"The Portrait of a Lady"
Opened: January 17, 1996 | Rated: R
Whether Jane Campion spent a lot of energy and time on her post-feminist telling of Henry James' "The Portrait of a Lady" is not in dispute. The enormity of her effort comes through clearly enough. What she was doing with all that time and energy leaves much to be desired.
She seems to have focus on three things: Technique, technique and technique.
This is one handsome film, overflowing with beautifully designed sets, intricately planned camerawork and clever transitions. But Campion has sacrificed sense to style, leaving powerful characters only vaguely explored in a story that should be based in emotions, not looks.
Nicole Kidman's Isabelle Archer is a serious and strong-willed woman, but she has a heart susceptible to romantic deception. What little soul this movie has comes entirely from Kidman's resourceful and potent performance as a proper lady, brave enough to move from America to London on her own, who nonetheless loses her composure (and ultimately her freedom) to issues of the heart.
A nervous creature who titters around like a fly caught in a jar, Isabelle moves like she is trying to get away from the emotions rising in her.
But those emotions go largely unexplored. Campion spends little time inside Isabelle's head and the audience is left to draw its own conclusions about many of her feelings.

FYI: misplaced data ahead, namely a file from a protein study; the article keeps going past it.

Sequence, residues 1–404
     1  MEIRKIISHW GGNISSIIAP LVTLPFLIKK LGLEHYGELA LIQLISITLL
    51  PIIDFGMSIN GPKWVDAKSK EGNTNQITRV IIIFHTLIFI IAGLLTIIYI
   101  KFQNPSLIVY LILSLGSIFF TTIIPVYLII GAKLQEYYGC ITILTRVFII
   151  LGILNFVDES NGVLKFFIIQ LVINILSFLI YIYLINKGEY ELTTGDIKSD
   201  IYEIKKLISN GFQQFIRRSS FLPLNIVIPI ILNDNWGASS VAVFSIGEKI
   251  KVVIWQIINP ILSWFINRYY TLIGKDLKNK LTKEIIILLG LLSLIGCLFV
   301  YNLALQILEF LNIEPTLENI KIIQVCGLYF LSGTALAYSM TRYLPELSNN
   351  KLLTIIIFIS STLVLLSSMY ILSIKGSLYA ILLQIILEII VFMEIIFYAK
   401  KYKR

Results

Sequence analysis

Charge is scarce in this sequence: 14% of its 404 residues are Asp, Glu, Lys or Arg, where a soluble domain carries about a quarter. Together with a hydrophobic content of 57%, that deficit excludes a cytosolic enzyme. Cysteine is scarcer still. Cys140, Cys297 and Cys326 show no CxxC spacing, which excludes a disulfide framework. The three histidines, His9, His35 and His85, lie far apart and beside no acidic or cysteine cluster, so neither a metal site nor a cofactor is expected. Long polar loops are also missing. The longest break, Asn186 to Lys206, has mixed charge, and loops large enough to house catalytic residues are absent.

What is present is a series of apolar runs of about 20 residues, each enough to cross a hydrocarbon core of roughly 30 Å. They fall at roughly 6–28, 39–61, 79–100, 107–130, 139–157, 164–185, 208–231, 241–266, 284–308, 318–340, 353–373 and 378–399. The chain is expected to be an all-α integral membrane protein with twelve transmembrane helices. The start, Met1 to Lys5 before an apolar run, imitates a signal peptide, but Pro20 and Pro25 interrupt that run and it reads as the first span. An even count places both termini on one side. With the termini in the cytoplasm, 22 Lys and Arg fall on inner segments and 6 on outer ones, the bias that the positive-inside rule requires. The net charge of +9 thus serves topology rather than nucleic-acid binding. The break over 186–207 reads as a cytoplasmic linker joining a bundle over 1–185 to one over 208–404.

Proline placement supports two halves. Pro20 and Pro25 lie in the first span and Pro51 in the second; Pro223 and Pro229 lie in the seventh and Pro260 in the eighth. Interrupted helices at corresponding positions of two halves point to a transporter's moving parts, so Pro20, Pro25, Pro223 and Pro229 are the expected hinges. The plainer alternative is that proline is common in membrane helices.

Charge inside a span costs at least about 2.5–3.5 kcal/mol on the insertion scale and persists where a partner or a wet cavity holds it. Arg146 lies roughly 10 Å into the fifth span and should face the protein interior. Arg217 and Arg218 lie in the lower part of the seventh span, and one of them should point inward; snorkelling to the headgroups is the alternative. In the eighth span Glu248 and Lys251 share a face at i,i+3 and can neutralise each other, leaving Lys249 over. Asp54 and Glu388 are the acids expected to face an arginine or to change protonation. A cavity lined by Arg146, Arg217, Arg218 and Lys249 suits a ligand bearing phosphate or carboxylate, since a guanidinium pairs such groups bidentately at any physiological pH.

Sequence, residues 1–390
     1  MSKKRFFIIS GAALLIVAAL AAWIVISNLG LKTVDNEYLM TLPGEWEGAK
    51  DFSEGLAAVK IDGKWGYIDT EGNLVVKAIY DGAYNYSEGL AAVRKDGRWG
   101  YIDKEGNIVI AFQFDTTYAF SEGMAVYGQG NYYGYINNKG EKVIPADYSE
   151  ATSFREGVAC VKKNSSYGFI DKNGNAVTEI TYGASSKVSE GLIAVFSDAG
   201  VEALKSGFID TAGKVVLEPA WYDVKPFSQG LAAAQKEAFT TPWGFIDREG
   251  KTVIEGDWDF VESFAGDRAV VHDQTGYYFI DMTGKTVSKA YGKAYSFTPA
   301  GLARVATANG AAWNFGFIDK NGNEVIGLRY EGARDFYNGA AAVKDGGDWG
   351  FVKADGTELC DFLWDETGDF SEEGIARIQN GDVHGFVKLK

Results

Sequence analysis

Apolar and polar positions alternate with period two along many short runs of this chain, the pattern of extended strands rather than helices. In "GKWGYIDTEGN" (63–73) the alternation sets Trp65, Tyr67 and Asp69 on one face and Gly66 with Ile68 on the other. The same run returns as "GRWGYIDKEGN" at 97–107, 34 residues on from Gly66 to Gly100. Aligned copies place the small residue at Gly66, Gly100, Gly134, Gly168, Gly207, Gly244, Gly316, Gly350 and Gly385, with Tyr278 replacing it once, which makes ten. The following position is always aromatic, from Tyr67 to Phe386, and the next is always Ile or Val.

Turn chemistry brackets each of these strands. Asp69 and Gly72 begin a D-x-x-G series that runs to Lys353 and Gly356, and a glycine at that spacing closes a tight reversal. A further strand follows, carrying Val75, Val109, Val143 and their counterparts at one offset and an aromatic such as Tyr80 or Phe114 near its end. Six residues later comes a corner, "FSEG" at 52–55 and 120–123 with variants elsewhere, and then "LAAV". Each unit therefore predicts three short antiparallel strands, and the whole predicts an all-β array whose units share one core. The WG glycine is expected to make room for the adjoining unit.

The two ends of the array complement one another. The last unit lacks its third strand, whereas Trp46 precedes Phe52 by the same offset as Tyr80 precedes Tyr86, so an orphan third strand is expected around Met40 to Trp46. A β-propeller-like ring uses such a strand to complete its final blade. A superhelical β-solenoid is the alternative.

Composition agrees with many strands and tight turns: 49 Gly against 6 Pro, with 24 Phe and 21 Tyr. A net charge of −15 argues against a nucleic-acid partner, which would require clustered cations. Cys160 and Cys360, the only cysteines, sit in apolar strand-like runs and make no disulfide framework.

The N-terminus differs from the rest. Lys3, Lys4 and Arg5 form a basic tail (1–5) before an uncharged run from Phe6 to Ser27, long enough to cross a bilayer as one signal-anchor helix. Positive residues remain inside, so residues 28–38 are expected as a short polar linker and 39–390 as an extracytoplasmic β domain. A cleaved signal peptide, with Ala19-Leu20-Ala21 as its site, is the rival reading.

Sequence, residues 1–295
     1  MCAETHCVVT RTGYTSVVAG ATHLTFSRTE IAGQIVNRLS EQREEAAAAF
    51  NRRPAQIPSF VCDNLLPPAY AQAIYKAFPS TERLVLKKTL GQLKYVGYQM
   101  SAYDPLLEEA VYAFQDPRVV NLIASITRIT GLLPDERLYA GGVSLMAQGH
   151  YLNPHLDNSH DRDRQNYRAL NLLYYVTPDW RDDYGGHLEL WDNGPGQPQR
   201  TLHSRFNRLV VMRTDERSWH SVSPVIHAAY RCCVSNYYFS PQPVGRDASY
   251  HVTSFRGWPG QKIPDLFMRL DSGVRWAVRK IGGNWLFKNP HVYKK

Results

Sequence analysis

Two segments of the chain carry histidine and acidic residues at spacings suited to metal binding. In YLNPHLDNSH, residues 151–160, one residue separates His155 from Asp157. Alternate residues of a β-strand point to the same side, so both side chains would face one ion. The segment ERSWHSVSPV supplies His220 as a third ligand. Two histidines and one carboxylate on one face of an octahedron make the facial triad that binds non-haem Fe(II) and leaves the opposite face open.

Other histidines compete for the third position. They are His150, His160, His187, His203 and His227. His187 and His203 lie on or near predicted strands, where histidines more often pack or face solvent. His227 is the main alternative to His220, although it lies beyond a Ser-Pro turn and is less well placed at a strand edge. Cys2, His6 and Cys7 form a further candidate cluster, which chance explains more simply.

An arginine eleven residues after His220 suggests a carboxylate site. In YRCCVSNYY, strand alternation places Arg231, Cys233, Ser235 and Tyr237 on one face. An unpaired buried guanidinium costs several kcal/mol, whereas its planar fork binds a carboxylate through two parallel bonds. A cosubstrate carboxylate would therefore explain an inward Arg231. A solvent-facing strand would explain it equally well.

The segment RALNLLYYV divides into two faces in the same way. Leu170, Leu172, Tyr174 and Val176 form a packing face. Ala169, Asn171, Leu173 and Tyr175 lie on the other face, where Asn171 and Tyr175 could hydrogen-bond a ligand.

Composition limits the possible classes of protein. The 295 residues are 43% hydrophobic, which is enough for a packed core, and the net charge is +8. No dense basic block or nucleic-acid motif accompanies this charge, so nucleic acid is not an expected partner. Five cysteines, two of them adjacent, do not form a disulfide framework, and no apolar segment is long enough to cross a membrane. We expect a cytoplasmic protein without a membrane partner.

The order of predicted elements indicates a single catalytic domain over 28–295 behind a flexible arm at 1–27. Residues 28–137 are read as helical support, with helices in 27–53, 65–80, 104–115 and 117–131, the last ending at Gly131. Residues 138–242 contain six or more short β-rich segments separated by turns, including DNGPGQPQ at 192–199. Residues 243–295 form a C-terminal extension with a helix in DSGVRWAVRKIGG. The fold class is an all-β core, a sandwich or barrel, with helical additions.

Those feelings center mainly around her swift courtship by a rogue named Gilbert Osmond (John Malkovich) and their ultimately unhappy and abusive marriage.
Malkovich is, well...Malkovich. He is an older, uglier version of his vicious and seductive Valmont from "Dangerous Liaisons," but without the unnerving charm. A poor casting choice, he offers nothing to convince us that Isabelle might fall for him in spite of herself.
Their marriage is engineered by Osmond and his ex-lover (Barbara Hershey) as a way to finance a dowry for their illegitimate daughter with the fortune Isabelle has inherited from her Uncle (the always-splendid John Gielgud).
Despite intense and probing dialogue -- the kind that makes real life feel far too simple -- "Portrait" leaves a lot to the imagination (even the end). There are large gaps in time the audience has to fill in and the pacing is so off that even within a scene there can be rich, intense moments followed immediately by completely hollow ones.
Campion tries to gloss over these lagging scenes with inventive filmmaking. On occasions when Isabelle is hurrying somewhere the camera falls on the back of her dress brushing against the ground. A few Fellini-esque shots add character to the visuals (the use of a spinning parasol is properly hypnotic) and she employs silent film techniques in several transitions.
But sometimes she goes far out of her way to be artistic and her film looks foolish. This is most blatant in the opening moments, which for some reason are shot in modern day, at a park with a bunch of grunge kids lounging around spouting poetry. The scene is never revisited (it feels like a single bookend) and serves only to anchor this film severly in the 1990s. Throughout "Portrait" there is a nagging sensation that makes one want to ask, "But where is all this going?"
Ultimately, it goes nowhere and says very little, despite Campion's best efforts.